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Making build-then-sell work
20/11/2004 Published in NST-PROP A Buyer Watch Article by National House Buyers Association

MANY countries in the region have adopted the build-then-sell concept of housing supply. However, developers in Malaysia are far ahead of those in many other countries in terms of skills and technology. Is there any reason, then, as to why they cannot adopt this same concept?

The National House Buyers' Association (HBA) does not see any reason why they can't. Of course, we do not expect them to adopt the build-then-sell method overnight, for to start implementing this system completely would be too big a paradigm shift for the players.

However, there is ample "encouragement" within the system for developers to sell completed houses. For example, they can get the Certificate of Fitness for Occupation (CF) without having to comply with the full requirements of the Housing Development (Control and Licensing) Act and its Regulations.

We at the HBA believe that Malaysian developers too can deliver housing the build-then-sell way, by adopting a system that is quite similar to the one successfully adopted by housing developers in Australia.

Our proposal is a variant of the present concept, in which the existing practice of buying-off-the-plan is merged with the build-then-sell concept. We term this the "Buying-off-the-plan Variant", a 10:90 arrangement based on the Australian model that we believe is a fair and equitable system.

Under this concept, purchasers pay a downpayment/deposit/reservation fee of 10 per cent of the contract price upon signing the Sale and Purchase Agreement (SPA). This deposit is then placed in an escrow trust account or fidelity fund.

The remaining 90 per cent of the purchase price becomes payable within 90 days of the delivery of vacant possession of the house, together with its title and the CF. The deposit and interest earned in the escrow account will go to the developer simultaneously with the balance payment. We see this as a very fair and practical concept.

The developer, assured of the committed sale, can now concentrate on completing their project on time with an assurance of quality, while the financial institution concerned will release bridging finance funds as construction progresses.

In this way, the financial institution is in a better position to ensure that the developer is paid what it deserves and that every ringgit disbursed goes towards the completion of the project. There will be no room for siphoning or diverting payments from buyers, since they make no progress payments.

There are numerous housing projects at a standstill at present, despite the majority of the houses in those projects having been sold. This proves that these failures have not been due to insufficient buyers but because of mismanagement or fraud and the exploitation of the not-so-foolproof Housing Development Project Account.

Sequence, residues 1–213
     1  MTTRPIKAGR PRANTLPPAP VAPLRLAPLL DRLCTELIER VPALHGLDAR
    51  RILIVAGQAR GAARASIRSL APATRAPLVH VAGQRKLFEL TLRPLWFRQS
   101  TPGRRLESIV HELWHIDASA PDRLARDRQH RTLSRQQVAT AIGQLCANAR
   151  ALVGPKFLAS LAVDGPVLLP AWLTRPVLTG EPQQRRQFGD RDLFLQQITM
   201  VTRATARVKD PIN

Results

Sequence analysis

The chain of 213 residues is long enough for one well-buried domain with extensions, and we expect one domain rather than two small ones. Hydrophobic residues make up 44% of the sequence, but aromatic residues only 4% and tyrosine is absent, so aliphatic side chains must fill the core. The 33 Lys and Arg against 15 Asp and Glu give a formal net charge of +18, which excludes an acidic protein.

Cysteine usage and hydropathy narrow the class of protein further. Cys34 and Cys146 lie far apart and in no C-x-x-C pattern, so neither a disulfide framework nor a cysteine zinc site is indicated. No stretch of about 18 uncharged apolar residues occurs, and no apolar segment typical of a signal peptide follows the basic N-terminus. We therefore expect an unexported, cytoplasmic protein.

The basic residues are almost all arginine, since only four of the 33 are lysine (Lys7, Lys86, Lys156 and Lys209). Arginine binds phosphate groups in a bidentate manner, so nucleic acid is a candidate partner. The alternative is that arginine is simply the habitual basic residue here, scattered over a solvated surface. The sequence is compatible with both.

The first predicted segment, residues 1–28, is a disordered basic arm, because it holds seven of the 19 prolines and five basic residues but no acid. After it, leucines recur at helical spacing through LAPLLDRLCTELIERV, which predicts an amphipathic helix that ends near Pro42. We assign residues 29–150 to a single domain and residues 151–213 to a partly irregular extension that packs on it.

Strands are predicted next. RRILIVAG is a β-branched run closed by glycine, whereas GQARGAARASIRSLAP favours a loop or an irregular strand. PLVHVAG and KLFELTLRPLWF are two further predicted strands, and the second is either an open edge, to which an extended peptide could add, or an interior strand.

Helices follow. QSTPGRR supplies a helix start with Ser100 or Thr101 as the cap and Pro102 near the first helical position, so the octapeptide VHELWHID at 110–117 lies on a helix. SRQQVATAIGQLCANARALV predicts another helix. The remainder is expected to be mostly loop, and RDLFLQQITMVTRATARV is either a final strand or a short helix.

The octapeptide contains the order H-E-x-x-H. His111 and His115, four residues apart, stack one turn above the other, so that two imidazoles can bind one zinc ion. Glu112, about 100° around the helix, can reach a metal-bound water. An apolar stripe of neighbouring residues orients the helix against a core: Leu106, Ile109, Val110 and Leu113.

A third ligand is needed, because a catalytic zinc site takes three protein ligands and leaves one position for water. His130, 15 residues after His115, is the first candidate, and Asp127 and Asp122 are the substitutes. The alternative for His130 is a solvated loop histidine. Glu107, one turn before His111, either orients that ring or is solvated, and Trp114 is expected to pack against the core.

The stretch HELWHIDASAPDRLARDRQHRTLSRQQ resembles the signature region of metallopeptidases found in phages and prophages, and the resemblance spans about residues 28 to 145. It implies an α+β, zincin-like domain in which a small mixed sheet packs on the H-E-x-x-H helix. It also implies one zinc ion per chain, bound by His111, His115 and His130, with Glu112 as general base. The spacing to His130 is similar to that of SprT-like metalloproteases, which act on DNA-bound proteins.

Our proposal of a 10 per cent deposit upon the booking of houses and the remaining 90 per cent upon delivery of vacant possession is one that the Malaysian market can adopt, and it appears viable from the angle of most, if not all, market players.

We also recommend that a pre-delivery inspection be included in the SPA. The developer will notify buyers of the joint pre-delivery inspection, by both builders and buyers and during this exercise, all the observable defects in the property will be recorded.

The developer is to rectify the defects before the house is handed over to the buyer. It is important that vacant possession of the unit is delivered only after the defects are rectified, for this will also go a long way in promoting mutual respect between a developer and its customers.

The HBA also recommends that buyers be allowed to hold back a part of the full payment until the defects that have been identified are rectified.

There are two reasons for this: One is that there should be no obligation to pay for work that is not done or is not done properly; the other is that the work will be done in a satisfactory manner only if the
developer knows that it will not be paid until the defects are rectified. As for the defect liability period, it should remain at 18 months' warranty as a safeguard for buyers.

Other defects in workmanship and materials that are identified by the purchaser over the course of a certain number of years, say five years of occupancy, may be raised directly with the developer.
Ideally, the purchaser should not have to complete the purchase until the property title is issued.

The National House Buyers Association is a non-profit, non-governmental and non-political organisation manned by volunteers. Its website is www.hba.org.my. E-mail: info@hba.org.my

 

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